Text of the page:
WASHINGTON -- The Kremlin employs five "pillars of disinformation" to create an ecosystem in which a combination of platforms and tactics reinforce each other to amplify false narratives across the internet, said a US government report Wednesday (August 5).
"The Kremlin bears direct responsibility for cultivating these tactics and platforms as part of its approach to using information as a weapon," said the US State Department's Global Engagement Centre, which is in charge of studying and countering foreign propaganda.
The Kremlin "invests massively in its propaganda channels, its intelligence services and its proxies to conduct malicious cyber activity to support their disinformation efforts, and it leverages outlets that masquerade as news sites or research institutions to spread these false and misleading narratives", the report said.
One favorite topic is the coronavirus pandemic, with Russian sites active in promoting unfounded narratives that COVID-19 was planted by the US Central Intelligence Agency or by billionaire-turned-philanthropist Bill Gates.
In one example, the study pointed to the Strategic Culture Foundation, an online journal that it said promoted "obscure Western fringe thinkers and conspiracy theorists" and formed foreign partnerships.
"When one of these proxy sites is publishing information, it's murky as to where it's actually coming from," said Lea Gabrielle, head of the Global Engagement Centre.
"Russia tries to hide its affiliation with these different proxy sites, and that's what makes them effective," she told reporters.
"It's difficult for just the average person who is online to look at these sites and know that it's actually Russian disinformation."
Pillars of disinformation
The report highlights five "pillars of Russian disinformation".
"These are: Number one, official government communications; number two, state-funded global messaging; three, cultivation of proxy sources; four, weaponisation of social media; and the fifth pillar is cyber-enabled disinformation," said Gabrielle.
This full combination of platforms and tactics constitutes an ecosystem in which the different elements reinforce each other, she said.
"The interaction between the different elements creates a media multiplier effect that amplifies false narratives," she added.
"This ecosystem reflects both the sources of disinformation and propaganda -- official government statements, state-funded media outlets, proxy websites, bots, false social media personas, cyber-enabled disinformation operations, etc. and the different tactics that these channels use," said the report.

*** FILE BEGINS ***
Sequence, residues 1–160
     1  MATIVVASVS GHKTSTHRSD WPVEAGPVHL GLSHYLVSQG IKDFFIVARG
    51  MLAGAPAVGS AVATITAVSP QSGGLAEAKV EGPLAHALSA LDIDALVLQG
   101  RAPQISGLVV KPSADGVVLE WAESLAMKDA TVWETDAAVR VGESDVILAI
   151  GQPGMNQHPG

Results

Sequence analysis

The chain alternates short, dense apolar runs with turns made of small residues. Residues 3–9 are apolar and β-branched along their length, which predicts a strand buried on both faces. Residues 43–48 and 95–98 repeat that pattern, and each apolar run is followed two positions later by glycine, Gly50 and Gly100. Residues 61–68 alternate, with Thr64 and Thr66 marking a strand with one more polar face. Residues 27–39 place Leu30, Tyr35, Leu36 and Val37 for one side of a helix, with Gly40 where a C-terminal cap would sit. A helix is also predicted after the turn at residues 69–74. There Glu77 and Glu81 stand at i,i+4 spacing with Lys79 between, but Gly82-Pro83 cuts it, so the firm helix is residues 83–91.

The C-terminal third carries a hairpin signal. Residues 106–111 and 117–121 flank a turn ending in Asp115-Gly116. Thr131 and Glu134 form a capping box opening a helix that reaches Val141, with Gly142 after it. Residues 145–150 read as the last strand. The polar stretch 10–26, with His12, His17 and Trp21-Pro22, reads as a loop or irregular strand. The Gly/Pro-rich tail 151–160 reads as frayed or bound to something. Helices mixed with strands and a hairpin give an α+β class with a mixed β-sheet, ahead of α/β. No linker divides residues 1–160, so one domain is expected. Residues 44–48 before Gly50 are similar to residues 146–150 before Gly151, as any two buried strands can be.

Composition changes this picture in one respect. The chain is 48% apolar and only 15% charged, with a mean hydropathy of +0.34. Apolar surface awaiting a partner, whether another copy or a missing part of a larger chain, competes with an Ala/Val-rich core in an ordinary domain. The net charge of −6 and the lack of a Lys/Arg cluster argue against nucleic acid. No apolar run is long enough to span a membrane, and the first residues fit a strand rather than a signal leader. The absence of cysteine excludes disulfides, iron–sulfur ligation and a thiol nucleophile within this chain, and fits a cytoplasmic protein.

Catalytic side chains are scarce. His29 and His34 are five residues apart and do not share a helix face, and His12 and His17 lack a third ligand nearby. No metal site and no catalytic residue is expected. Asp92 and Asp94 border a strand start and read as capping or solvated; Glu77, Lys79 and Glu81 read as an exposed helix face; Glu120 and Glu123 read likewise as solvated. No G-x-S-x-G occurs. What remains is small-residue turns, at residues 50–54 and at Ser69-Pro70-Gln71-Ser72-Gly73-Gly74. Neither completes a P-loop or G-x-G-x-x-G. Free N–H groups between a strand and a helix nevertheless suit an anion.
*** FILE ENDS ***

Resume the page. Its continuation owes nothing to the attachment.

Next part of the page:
In addition to the Strategic Culture Foundation, the report cites six other proxy sites and organisations that "occupy an intermediate role between the pillars of the ecosystem with clear links to Russia and those that are meant to be fully deniable."
They include the following: Global Research, a Canadian website with a "large roster of fringe authors and conspiracy theorists".
New Eastern Outlook, "a pseudo-academic publication of the Russian Academy of Science's [sic] Institute of Oriental Studies that promotes disinformation and propaganda focused primarily on the Middle East, Asia, and Africa".
News Front, a Crimea-based, Kremlin-linked disinformation and propaganda outlet with the self-proclaimed goal of providing an "alternative source of information" for Western audiences.
Analysis and Intelligence (aka SouthFront), a multilingual online disinformation site registered in Russia that focuses on military and security issues.
Katehoz, a Moscow-based quasi think-tank that is a proliferator of virulent anti-Western disinformation and propaganda via its website, which is active in five languages and led by individuals with clear links to the Russian state and to Russian intelligence.
And Geopolitica.ru, a platform for Russian ultra-nationalists to spread disinformation and propaganda targeting Western and other audiences.
On Twitter, users tweeted or retweeted material of the seven sites 173,000 times from April through June, the study said.
Britain, not Russia, appeared to be the top source of Twitter activity involving the suspicious material, it said.
Targeting Central Asia
The sites' propagation of false narratives, including one that the United States created the coronavirus, furthers "Russia's general aims of questioning the value of democratic institutions, and of weakening the international credibility and international cohesion of the United States and its allies and partners," the report said.
The Kremlin has directed such efforts at Central Asia in the past.
On July 9, Vzglyad, a Russian online newspaper, published an article citing a story by TASS that claimed an "unknown infection" with a death rate higher than that of the coronavirus was spreading in Kazakhstan. The Russian government owns the TASS news agency.
Some visitors to Vzglyad's website, using a rhetorical style reminiscent of the Kremlin's "troll factory", left offensive comments about Kazakhstan.
The majority of them baselessly claimed that the source of the "novel virus" was the Central Reference Laboratory in Almaty, which was established with financial backing from the United States.
The next day, July 10, the Kazakh Ministry of Healthcare announced that the reports about the "unknown virus" in Kazakhstan were false.
At a news conference in Geneva on July 10, Michael Ryan, executive director of the World Health Organisation's Health Emergencies Programme, debunked the reports, saying that the pneumonia in Kazakhstan most likely stemmed from the coronavirus.
Meanwhile, Twitter on Thursday (August 6) unveiled new steps to prevent the spread of content from "state-affiliated media" used to advance a government's political agenda -- a move affecting key outlets from Russia and China.